Wade Taylor switched from smoking cigarettes to vaping because he believes it's safer.
"There's like 400 and something chemicals in a cigarette," Taylor said.
Doctor Ilona Jaspers says while that's true, vaping presents a different health threat than smoking.
"The disease manifestations, the pathology we see in these individuals is not something you would ever see in a smoker," Dr. Jaspers said.
Dr. Jaspers, who studies the adverse effects of inhaled chemicals, says we know cigarettes can cause COPD, cancer and emphysema, but what about e-cigarettes?
"We don't know what this may cause 20 years down the road," Dr. Jaspers said.
That's one reason why Jaspers' research team is taking a closer look at what's in these products. They filled a plastic container with a popular flavoring agent found in liquid nicotine and let it sit for two hours.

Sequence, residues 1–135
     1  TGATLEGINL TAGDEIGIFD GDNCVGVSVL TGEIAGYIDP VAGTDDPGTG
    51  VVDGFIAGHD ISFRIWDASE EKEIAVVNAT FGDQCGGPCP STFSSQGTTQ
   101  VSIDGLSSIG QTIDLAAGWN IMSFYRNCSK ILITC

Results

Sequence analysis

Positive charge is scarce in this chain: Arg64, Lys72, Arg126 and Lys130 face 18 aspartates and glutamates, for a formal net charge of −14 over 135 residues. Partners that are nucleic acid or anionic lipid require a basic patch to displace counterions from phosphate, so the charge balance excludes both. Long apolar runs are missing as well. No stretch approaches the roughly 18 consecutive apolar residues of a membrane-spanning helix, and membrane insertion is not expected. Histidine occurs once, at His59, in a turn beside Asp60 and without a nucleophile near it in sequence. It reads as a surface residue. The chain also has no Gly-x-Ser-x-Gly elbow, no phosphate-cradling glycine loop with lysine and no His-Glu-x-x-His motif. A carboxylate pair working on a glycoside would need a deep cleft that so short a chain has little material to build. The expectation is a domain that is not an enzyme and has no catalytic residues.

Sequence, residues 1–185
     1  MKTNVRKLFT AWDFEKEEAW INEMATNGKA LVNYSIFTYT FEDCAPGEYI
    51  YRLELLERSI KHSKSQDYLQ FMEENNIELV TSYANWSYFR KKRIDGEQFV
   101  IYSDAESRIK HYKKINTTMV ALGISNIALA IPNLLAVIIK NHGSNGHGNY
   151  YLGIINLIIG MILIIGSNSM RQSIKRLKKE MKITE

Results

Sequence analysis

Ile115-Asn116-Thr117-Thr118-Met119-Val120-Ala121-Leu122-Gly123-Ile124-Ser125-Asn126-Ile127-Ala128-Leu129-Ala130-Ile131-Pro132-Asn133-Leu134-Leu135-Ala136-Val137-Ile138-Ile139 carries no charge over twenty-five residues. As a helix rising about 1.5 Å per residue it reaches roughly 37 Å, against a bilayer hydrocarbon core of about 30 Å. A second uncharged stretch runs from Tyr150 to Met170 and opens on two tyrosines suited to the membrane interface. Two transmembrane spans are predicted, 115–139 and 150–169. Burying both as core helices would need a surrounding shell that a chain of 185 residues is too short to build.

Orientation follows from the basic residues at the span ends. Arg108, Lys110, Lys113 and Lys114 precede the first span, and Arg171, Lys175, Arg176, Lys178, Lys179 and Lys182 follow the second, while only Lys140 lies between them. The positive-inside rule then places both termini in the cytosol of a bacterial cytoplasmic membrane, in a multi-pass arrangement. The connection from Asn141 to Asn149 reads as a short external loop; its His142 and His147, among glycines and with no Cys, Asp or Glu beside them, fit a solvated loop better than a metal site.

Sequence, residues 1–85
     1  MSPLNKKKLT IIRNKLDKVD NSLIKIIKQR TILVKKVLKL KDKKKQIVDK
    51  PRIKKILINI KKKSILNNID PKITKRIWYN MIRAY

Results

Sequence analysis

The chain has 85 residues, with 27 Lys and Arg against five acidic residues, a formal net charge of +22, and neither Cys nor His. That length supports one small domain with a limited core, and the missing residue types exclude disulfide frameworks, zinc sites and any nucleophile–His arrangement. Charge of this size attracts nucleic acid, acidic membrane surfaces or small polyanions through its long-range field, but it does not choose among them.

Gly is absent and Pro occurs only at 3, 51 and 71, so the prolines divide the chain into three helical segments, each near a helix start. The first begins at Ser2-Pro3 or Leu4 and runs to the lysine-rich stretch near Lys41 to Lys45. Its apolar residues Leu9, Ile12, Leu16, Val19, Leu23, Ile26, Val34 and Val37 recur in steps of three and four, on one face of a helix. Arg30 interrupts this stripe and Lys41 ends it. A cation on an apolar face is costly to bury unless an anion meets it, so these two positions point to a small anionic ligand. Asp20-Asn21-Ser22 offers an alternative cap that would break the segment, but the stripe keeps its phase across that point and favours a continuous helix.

"We just put a drop of the cinnamon flavoring there, and it etched away the plastic and basically ate it away," says Phillip Clapp, Ph.D.
Dr. Jaspers says the real concern is more young people are vaping nicotine without knowing the consequences.
"It delivers a high dose very quickly, so it gets these teens addicted much faster than a cigarette does," Jaspers said.
And she says you don't always know how much nicotine you're getting.
"In Europe, you can only have 2% nicotine, whereas here we have up to 8%," Dr. Jaspers said.
She agrees regulation is key but says the priority is stopping the growing number of teens from vaping.
"Prevention, education and getting these kids off of the nicotine addiction," Dr. Jaspers said.
Health Watch: The different health threats vaping brings